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Old Jun 16th 2019, 04:36 PM   #1
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Angry Gravitational and Electric fields

Question.

The sun exerts a gravitational force of 1.64 x 10^21 N on Mars. Calculate the mass of Mars. [ Mass of the Sun = 1.989 x 10^30 kg. Mean seperation of Mars from the Sun = 2.279 x 10^11 m.]

Can anyone help me with this?

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Old Jun 16th 2019, 05:34 PM   #2
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Originally Posted by Adam97 View Post
Question.

The sun exerts a gravitational force of 1.64 x 10^21 N on Mars. Calculate the mass of Mars. [ Mass of the Sun = 1.989 x 10^30 kg. Mean seperation of Mars from the Sun = 2.279 x 10^11 m.]

Can anyone help me with this?
$\displaystyle F = \dfrac{G M_s ~ M_m}{r^2}$

So, G is G, you are given the mass of the Sun ( $\displaystyle M_s$ ), and the distance between them r. So what is the mass of Mars, $\displaystyle M_m$?

What does this have to do with electric fields?

-Dan
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Old Jun 16th 2019, 05:40 PM   #3
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Originally Posted by topsquark View Post
$\displaystyle F = \dfrac{G M_s ~ M_m}{r^2}$

So, G is G, you are given the mass of the Sun ( $\displaystyle M_s$ ), and the distance between them r. So what is the mass of Mars, $\displaystyle M_m$?

What does this have to do with electric fields?

-Dan
I'm not sure myself. The unit im doing currently in physics is Gravitational and Electric Fields. This is one of the questions we have in the assignment.
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Old Jun 16th 2019, 06:20 PM   #4
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Originally Posted by Adam97 View Post
I'm not sure myself. The unit im doing currently in physics is Gravitational and Electric Fields. This is one of the questions we have in the assignment.
Were you able to get the mass of Mars?

-Dan
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Old Jun 16th 2019, 06:25 PM   #5
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Originally Posted by topsquark View Post
Were you able to get the mass of Mars?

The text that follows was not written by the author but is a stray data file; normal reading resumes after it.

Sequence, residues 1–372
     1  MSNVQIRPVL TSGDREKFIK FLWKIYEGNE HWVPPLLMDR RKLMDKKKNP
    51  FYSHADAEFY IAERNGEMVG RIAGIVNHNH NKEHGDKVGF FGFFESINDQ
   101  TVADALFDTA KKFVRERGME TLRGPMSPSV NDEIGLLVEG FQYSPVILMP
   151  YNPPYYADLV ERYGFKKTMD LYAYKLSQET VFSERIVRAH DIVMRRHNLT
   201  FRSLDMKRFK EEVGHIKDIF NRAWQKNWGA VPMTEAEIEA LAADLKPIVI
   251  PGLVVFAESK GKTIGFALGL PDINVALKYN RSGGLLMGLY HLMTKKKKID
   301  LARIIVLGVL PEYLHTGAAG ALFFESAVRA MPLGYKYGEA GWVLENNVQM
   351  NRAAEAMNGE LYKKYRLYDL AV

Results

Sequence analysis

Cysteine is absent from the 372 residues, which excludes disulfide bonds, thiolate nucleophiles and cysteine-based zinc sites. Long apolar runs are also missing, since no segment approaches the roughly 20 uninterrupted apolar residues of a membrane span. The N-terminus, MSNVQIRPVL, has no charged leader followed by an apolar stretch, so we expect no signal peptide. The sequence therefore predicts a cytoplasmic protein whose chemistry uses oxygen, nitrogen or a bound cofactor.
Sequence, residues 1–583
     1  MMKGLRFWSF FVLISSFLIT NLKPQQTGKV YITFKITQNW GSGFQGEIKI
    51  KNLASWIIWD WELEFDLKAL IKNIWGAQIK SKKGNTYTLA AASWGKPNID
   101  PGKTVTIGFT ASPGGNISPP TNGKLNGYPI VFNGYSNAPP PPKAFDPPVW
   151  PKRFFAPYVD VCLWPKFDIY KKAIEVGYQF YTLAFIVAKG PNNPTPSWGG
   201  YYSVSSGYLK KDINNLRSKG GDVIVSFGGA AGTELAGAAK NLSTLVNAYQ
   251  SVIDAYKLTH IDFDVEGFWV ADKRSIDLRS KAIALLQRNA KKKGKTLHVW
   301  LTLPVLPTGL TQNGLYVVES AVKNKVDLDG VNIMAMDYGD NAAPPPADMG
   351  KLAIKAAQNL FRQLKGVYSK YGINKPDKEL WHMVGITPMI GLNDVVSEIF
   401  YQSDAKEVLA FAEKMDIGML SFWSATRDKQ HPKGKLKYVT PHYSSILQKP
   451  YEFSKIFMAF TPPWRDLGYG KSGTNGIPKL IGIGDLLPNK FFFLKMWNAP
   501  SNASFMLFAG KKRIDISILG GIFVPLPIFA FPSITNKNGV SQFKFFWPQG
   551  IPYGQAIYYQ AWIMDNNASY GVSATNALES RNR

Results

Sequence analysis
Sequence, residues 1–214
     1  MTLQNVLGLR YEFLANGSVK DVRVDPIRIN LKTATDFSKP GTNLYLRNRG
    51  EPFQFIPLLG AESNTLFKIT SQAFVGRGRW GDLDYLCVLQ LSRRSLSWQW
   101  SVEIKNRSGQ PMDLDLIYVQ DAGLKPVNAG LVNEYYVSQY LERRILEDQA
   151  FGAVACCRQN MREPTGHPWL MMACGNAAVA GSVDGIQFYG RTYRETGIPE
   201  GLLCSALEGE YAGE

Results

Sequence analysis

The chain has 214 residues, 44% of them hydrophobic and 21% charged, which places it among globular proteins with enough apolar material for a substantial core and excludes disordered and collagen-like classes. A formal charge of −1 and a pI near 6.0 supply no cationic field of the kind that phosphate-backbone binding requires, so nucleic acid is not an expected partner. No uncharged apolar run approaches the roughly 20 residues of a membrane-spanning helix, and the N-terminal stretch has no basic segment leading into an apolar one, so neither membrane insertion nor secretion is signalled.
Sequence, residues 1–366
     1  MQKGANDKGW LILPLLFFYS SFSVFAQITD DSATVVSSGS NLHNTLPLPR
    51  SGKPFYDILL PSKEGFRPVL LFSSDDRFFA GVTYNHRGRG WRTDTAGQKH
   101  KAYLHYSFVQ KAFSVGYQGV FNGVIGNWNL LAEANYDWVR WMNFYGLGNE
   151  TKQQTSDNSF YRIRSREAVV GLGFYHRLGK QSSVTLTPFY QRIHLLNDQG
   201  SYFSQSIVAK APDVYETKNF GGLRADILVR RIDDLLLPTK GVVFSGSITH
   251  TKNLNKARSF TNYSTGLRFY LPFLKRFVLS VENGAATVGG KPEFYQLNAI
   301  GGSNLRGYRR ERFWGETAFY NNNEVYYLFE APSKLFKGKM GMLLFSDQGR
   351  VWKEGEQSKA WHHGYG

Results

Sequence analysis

-Dan
No not yet. Thats what its asking me to do but can not figure out how.
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Old Jun 16th 2019, 07:33 PM   #6
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Originally Posted by Adam97 View Post
No not yet. Thats what its asking me to do but can not figure out how.
Get $\displaystyle M_m$ by itself:
$\displaystyle F = \dfrac{G M_s ~ M_m}{r^2}$

$\displaystyle r^2 F = G M_s M_m$

$\displaystyle \dfrac{r^2 F}{G M_s} = M_m$

Can you finish?

-Dan
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Old Jun 18th 2019, 05:38 PM   #7
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Talking

Putting gravity and electricity in one unit is not a bad idea. People always want ot seek a way to unite them (or say to find a way to relate them together). We talked about this respect for a short while in Woody's thread "black hole image" in the lounge columne too...
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Old Jun 18th 2019, 07:36 PM   #8
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Originally Posted by neila9876 View Post
Putting gravity and electricity in one unit is not a bad idea. People always want ot seek a way to unite them (or say to find a way to relate them together). We talked about this respect for a short while in Woody's thread "black hole image" in the lounge columne too...
BUT this has nothing to do with the conversion at hand. I think it is good that you want to refer the OP to another thread they might be interested in, but you should do that over the PM system.

-Dan
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